Pastoral Musings from Rain City

it's about 'what is church?' it's about whether 'emergent' is the latest Christian trend or something more substantial. it's musing on what it means to live faithfully...in the city, in America, in community, intergenerationally, at this time in history...

Friday, May 15, 2009

Tortured Faith...

The most recent polling data expresses that Evangelical Christians are divided over the issue of torture, but that a) Evangelicals have a higher acceptance rate of torture than other expressions of Christianity, and b) there is a relationship between church attendance and torture: the more often you attend, the more likely you are to approve of torture!

Why is this? I'd suggest that it's because of the reality that church history is filled with justifications for war; it's reality, it's cost, it's justifiability. You can find it easily in CS Lewis. Even among those committed to non-violence, it's not hard to find convictions melting away in the heat and reality of the moment, as seen by Bonhoeffer.

I don't have conclusions as much as observations:

1. Since the primary calling of a Christ follower is to make Jesus visible, it's a slippery slope to ever justify violence. The justification itself presumes a position (usually) of moral high ground, presuming to both know enough and be righteous enough to resort to violence or torture for the greater good, and in God's name. Of course, the other side also claims the same moral high ground quite often... the more so these days as so much of war has religious overtones.
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2. God DID say that the purpose of the state is to curb evil, so that it doesn't reign unchecked, coursing through cultures, conquering nations, furthering darkness. Further, God advocates that the state must bear the sword in order to do this. Since I've never met a Christian pacifist who advocates anarchy, I'm assuming that Christian pacifists advocate that all use of violence be outsourced to people without faith? How would we presume that such people will have the wisdom to know when to use their guns? Wouldn't it be better for Christ followers to be in a positions where they have adequate authority to choose, on the basis of their dual citizenship as those belonging to heaven and earth, when to use violence?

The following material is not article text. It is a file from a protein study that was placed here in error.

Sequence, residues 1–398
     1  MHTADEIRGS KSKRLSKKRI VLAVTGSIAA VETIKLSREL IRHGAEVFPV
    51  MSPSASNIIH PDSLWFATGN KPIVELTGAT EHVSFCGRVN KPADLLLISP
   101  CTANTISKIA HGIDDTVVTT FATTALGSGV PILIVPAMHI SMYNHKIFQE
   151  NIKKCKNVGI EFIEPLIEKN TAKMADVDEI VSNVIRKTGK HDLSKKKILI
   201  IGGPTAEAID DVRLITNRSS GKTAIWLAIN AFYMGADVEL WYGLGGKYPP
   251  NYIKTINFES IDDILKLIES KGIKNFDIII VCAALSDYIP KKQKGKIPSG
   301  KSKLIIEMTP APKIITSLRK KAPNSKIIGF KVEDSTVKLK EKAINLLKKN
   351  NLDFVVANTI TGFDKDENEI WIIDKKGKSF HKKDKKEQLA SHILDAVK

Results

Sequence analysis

3. There are no easy options here, and we who write from the towers of theory must be careful to hold our positions with humility. Bonhoeffer advocated non-violence until Hitler showed up. Even then, while party to an assassination attempt, he declared that there were "no good options". I sometimes think that's the reality of it when living in a fallen world. We're here, in the midst of sin, as citizens of a new world, while still living in an old one. Working it out is tough.

Maybe people's thoughts would help clarify our convictions...??? I welcome your posts.

18 Comments:

At 15/5/09 10:30, Blogger Kevin said...

Firstly, I do not believe it to be a slippery slope to advocate violence; it is only ever abominable. Whether it be the wholesale bloodshed of war or the marshal discipline of spanking our children, there is no just cause for human violence, for we are incapable of understanding and comprehending justice. This means that there is never a good time for violence, never a moment when the turn toward violence is the appropriate response. The acts of torture that we carried out are despicable and their stains will mark us and our children. We may not have wanted to participate directly, but we wanted to feel safe and in the name of our own safety we set aside our God-given humanity.

Secondly, it is not surprising that so many Evangelicals advocate our "advanced interrogation techniques," for we have created a religious culture that has blurred the lines between violence and love. Under the rubric of "tough love," we would much rather strike our children than listen to them, expel the immoral brother than understand his pain, and spend our lives lashing ourselves and others for our own self-perceived wretchedness. I say that we are redeemed, not wretched, and that the promise of the Kingdom of God is a promise of a life without violence. How are we making the Kingdom real if we advocate the torture of any of God's children?

 
At 15/5/09 11:22, Blogger Richard Dahlstrom said...

wow... wasn't clear that I was advocating torture, so perhaps I miscommunicated. I was trying to articulate why I think some Christians DO support these techniques, and I DO feel that the discussion falls, as a subcategory, under the rubric of just war. It's THAT category that I was interested in discussing.

I'm respectful of the strong feelings Kristin, and actually agree with them.

Still the questions remain answered... is all violence wrong? If so, why did Paul sanction the use of the sword in Romans 13? Was Bonhoeffer wrong? Is it in the Christian's purview to outsource all violence so the sword is only carried by those w/o a Christian worldview? Are we citizens of one world or two?

It's fine to disagree with waterboarding. I do. But behind the easier question, these larger questions loom.

 
At 15/5/09 11:30, Blogger Richard Dahlstrom said...

thanks for the resources Kristin. Again, to be clear -I don't need convincing. I want to understand why Chrsitians think it's OK, and why those who attend church MORE OFTEN are more inclined to approve of this?